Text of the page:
All the LocalResources (remote URLs) that are marked PUBLIC are accessible for containers of any user. Typically PUBLIC resources are those that can be accessed by anyone on the remote file-system and, following the same ACLs, are copied into public LocalCache. If in future, a container belonging to this or any other application (of this or any user) requests the same LocalResource, it is served from the LocalCache and thus not copied/downloaded again if it isn’t evicted from the LocalCache by then. All files in public cache will be owned by “yarn-user” (user which NodeManager runs as) with world-readable permissions, so that they can be shared by containers from all users whose containers are running on that node.
LocalResources that are marked private are shared among all applications of the same user on the node. These LocalResourcse ar ecopied into the specific user’s (user who started the container i.e. the application submitter’s) private cache. These files are accessible to all the containers belonging to different applications but all started by the same user. These files on local file system are owned by the user and not accessible by any other user. Similar to public LocalCache, even for the application submitters, there aren’t any write permissions – the user cannot modify these files once localized. This is to avoid accidental writes to these files by one container harming other containers – all containers expect them to be in the same state as originally specified (mirroring original timestamp and/or version number).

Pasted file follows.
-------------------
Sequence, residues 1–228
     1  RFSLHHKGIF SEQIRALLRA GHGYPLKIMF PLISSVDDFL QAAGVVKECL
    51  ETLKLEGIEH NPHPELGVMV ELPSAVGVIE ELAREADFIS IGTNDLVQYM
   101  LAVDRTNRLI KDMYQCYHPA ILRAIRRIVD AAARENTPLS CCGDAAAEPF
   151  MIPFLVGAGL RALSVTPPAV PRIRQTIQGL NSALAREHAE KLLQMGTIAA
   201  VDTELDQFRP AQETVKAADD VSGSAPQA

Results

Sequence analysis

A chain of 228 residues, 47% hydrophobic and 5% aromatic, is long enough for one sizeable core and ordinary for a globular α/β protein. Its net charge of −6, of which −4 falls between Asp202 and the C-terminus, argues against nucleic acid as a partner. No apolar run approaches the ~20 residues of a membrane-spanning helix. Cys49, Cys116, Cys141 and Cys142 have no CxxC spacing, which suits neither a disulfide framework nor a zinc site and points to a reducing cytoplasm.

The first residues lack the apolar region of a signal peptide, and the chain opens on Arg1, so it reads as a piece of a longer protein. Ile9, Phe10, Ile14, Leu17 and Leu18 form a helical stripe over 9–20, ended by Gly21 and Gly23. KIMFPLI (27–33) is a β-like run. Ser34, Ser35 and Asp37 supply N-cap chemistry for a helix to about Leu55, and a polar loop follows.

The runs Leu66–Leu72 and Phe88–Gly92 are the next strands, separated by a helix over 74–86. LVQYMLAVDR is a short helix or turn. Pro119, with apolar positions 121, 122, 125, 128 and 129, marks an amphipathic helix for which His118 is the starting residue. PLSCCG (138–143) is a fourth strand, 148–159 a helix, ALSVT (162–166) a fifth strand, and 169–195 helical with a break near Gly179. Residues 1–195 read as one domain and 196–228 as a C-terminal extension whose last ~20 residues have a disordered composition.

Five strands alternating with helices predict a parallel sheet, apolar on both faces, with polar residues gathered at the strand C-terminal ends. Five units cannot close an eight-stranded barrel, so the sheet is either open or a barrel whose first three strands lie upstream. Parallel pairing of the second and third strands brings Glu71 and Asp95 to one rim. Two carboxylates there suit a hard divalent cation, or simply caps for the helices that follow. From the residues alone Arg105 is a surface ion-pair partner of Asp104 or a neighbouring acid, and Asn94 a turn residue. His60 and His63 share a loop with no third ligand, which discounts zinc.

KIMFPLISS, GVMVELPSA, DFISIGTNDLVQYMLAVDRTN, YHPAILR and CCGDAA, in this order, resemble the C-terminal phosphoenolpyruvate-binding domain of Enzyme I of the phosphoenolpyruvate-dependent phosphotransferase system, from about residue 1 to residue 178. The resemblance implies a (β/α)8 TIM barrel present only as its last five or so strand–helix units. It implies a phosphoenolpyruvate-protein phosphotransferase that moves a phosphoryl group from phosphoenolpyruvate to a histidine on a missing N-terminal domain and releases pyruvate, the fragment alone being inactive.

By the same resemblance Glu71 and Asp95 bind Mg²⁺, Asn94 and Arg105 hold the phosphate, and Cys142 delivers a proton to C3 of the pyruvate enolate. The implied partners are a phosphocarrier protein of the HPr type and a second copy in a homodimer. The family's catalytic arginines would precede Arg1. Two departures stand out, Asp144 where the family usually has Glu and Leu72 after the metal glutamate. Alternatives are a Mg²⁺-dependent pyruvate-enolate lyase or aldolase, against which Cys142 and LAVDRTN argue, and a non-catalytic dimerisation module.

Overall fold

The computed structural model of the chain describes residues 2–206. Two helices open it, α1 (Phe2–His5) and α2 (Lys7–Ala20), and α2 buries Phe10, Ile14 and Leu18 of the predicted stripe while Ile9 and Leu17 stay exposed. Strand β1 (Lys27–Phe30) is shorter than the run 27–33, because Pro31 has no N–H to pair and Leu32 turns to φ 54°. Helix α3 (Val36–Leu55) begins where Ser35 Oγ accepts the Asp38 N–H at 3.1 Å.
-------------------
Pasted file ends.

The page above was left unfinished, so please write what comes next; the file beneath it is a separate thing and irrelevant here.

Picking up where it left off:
All the resources that are marked under “APPLICATION” scope are shared only amongst containers of the same application on the node. They are copied into the application specific LocalCache which is owned by the user who started the container (application-submitter). All theses files are owned by the user with read-only permissions.
Note that ApplicationMaster specifies this resource visibility to a NodeManager while starting the container – Node manager itself doesn’t make any decision and classify resources. Similarly, for the container running the ApplicationMaster itself, the client has to specify visibilities for all the resources that ApplicationMaster needs.
In case of a MapReduce application, the MapReduce JobClient decides the resource-type which the corresponding ApplicationMaster then forwards to a NodeManager.
Like already mentioned, different type of LocalResources have different life-cycles:
One thing of note is that for any given application, we may have multiple ApplicationAttempts and each attempt may start zero or more containers on a given node manager. When the first container belonging to an ApplicationAttempt starts, ResourceLocalizationService localizes files for that application as requested in the container’s launch context. If future containers request more such resources then they all will be localized. If one ApplicationAttempt finishes/fails and another is started, ResourceLocalizationService doesn’t do anything w.r.t the previously localized resources. However when eventually the application finishes, ResourceManager communicates that information to NodeManagers which in turn clear the application LocalCache. In summary, APPLICATION LocalResources are truly application scoped and not ApplicationAttempt scoped.
That ends our coverage of the basic concepts that application writers will need to know about LocalResources. LocalResources are a very useful feature that application writers can exploit to declare their startup and runtime dependencies. In the next post, we’ll delve deep into how the localization process itself actually takes place in the NodeManager.